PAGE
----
Pam has been the perfect person to discover a new Goldbergs with dance. She was not interested in a literal illustration of the piece and neither was she interested in a strict metrical response. I was thrilled to discover that she didn’t even want her dancers to count. Instead she has looked for density and irregularity in her work. I find that a lot of discussion about music, whether through historical or harmonic analysis, has the effect of taking music from world of aural abstraction and placing it in something more ordered and prosaic: what kind of trills Bach would have used, for example, or which voice ought to have primacy at any one moment. Pam has ignored all of that and created her own physical world full of its own abstractions.
What a pleasure it has been to escape the solitude of the piano. Instead of experiencing the Goldbergs alone in a room, I’ve done it in the company of dancers, all of whom have their own response to the music and their own physical discipline that extends beyond ears and fingers. On the first page of the score, Bach writes that the variations are written for the refreshment of the spirit. That has been my experience of this collaboration with Pam.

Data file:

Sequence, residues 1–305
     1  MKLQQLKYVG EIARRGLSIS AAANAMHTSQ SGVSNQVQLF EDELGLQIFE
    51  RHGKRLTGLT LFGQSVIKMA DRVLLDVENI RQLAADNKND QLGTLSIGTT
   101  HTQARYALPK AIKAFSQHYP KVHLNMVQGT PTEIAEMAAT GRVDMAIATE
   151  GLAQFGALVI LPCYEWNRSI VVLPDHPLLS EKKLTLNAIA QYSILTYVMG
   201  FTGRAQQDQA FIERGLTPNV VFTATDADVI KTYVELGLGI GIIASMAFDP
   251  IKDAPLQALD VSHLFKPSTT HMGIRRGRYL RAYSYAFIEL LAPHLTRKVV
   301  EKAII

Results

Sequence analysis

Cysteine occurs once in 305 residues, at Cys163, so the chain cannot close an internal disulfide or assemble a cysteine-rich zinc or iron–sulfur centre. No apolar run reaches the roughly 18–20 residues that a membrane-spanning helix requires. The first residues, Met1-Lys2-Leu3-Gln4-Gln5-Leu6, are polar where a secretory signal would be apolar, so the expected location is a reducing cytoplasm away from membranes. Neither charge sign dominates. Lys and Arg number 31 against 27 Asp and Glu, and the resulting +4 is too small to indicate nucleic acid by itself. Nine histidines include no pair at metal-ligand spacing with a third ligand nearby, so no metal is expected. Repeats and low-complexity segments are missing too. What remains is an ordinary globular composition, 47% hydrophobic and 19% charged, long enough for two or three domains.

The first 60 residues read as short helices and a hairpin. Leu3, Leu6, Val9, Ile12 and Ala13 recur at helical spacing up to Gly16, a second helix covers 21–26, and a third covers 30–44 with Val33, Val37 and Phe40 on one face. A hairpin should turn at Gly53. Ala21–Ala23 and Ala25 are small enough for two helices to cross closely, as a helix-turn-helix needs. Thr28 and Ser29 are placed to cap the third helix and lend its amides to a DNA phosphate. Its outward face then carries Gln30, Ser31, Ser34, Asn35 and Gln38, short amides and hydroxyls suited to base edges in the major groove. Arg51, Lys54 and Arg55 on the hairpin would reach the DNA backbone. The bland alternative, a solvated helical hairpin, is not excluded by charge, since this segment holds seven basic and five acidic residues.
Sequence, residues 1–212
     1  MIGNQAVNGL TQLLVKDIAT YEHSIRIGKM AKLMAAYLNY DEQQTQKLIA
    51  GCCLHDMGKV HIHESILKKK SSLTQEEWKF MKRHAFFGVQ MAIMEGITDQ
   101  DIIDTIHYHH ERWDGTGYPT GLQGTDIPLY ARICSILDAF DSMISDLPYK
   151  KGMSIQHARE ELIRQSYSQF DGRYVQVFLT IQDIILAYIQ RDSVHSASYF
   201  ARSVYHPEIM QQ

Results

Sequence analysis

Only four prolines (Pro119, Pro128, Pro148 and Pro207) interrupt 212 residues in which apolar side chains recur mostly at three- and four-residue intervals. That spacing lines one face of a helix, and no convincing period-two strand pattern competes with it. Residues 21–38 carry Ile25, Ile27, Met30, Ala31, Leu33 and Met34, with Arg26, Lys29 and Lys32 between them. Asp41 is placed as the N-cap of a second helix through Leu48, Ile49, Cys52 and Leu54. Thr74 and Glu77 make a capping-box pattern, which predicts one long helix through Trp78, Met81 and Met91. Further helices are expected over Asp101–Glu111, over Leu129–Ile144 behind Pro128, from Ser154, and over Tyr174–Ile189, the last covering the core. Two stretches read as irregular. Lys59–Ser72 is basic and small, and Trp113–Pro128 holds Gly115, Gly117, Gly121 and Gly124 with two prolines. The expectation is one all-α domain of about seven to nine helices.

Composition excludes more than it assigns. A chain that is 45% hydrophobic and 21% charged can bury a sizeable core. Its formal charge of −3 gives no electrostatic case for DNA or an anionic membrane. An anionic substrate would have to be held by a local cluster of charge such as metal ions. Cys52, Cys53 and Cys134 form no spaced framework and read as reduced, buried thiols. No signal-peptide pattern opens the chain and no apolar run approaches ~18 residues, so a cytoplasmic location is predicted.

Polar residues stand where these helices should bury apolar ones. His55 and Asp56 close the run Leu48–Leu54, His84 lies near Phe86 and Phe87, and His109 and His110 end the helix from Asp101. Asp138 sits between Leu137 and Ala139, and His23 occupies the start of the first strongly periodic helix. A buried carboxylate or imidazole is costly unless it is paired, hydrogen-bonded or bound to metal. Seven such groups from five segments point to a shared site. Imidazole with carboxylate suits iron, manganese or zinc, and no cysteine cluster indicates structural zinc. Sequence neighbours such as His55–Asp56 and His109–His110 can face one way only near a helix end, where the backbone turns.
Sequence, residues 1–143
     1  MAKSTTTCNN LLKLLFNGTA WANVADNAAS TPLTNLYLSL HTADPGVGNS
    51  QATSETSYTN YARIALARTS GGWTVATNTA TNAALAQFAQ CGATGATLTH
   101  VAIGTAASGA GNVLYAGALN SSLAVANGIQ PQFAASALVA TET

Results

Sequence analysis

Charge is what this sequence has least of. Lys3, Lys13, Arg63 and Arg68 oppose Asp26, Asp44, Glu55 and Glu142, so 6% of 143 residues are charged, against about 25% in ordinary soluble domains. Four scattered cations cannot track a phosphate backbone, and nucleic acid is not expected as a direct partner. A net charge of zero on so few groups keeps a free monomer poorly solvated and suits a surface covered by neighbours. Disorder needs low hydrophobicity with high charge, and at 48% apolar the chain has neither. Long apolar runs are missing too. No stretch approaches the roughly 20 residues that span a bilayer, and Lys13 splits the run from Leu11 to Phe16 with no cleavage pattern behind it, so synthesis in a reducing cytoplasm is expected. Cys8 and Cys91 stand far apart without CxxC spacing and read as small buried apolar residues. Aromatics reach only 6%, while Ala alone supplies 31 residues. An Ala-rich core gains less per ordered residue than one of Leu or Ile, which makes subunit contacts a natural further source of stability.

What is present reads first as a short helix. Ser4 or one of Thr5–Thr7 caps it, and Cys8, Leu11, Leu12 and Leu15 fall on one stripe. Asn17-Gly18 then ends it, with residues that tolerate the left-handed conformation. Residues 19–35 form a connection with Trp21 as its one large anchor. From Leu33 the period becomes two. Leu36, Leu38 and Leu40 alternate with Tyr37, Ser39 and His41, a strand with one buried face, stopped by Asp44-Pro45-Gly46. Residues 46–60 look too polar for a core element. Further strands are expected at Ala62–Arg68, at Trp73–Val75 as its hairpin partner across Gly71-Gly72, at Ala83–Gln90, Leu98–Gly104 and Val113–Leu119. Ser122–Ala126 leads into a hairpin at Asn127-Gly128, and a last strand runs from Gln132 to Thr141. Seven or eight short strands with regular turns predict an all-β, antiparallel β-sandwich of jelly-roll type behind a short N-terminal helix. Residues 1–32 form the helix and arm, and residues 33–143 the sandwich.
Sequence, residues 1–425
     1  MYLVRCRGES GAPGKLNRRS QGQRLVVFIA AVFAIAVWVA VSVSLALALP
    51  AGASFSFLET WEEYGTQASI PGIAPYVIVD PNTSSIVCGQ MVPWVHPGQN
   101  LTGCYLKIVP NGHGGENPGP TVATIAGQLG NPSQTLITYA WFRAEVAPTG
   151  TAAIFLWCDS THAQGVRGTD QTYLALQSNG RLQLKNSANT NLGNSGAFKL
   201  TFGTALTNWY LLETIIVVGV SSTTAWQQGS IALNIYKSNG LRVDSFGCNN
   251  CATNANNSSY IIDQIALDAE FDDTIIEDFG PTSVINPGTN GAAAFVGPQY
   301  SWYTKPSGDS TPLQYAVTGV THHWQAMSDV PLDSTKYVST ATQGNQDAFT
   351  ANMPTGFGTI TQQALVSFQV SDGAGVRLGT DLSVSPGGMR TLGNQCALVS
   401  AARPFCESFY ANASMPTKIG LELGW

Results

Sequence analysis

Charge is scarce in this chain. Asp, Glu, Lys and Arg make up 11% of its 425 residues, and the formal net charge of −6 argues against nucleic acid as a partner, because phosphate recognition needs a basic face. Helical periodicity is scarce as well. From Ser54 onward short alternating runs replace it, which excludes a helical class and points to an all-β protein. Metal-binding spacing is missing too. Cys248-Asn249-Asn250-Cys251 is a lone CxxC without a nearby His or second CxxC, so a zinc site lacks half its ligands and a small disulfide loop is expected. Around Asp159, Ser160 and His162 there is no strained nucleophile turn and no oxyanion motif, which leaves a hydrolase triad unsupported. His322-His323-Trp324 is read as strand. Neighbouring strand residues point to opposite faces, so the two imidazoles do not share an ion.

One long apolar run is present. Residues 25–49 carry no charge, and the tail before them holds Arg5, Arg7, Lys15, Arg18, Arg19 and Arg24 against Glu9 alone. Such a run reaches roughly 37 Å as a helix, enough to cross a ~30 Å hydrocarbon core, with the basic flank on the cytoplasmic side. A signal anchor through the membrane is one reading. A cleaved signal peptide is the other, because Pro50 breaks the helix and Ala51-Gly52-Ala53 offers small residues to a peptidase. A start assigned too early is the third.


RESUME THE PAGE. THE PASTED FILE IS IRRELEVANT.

— Simone Dinnerstein
Reid & Harriet Design
Conceived by Simone Dinnerstein and Pam Tanowitz.
“Goldberg” Variations, BWV 988, Johann Sebastian Bach (1685-1750)
New Work for Goldberg Variations was commissioned by Duke Performances / Duke University & Peak Performances / Montclair State University, co-commissioned by Opening Nights Performing Arts / Florida State University & Summer Stages Dance at the Institute of Contemporary Art/Boston & received creative development support from the Maggie Allesee National Center for Choreography (MANCC) at Florida State University, The Yard at Martha’s Vineyard, the NYU Center for Ballet & the Arts & New York City Center. New Work for Goldberg Variations was made possible by the New England Foundation for the Arts’ National Dance Project, with lead funding from the Doris Duke Charitable Foundation & The Andrew W. Mellon Foundation & support from the Mary Duke Biddle Foundation. General Operating support for Pam Tanowitz Dance was made possible by the New England Foundation for the Arts’ National Dance Project with funding from the Doris Duke Charitable Foundation.
- New York Times, Choreographer Meets Bach, and It’s a Match
- New York Times, Who’s Afraid of ‘Goldberg Variations’? Not This Choreographer.
- The New Yorker, Simone Dinnerstein and Pam Tanowitz’s “New Work for Goldberg Variations”
- The Wall Street Journal, ‘New Work for Goldberg Variations’ Review: Bach in Motion
- INDY Week, In Pam Tanowitz and Simone Dinnerstein’s New Work for Goldberg Variations, a Daunting Idea Works Just Right
- INDY Week, Pam Tanowitz and Simone Dinnerstein Scale the Heights of Bach’s Often Charted, Never Conquered Goldberg Variations
- WBUR, Contemporary Meets Classical In ‘New Work For Goldberg Variations’ At ICA
- The Brooklyn Rail, Pam Tanowitz and Simone Dinnerstein’s New Work for Goldberg Variations
- CVNC, Practically Perfect Premiere: New Work for Goldberg Variations, at Duke Performances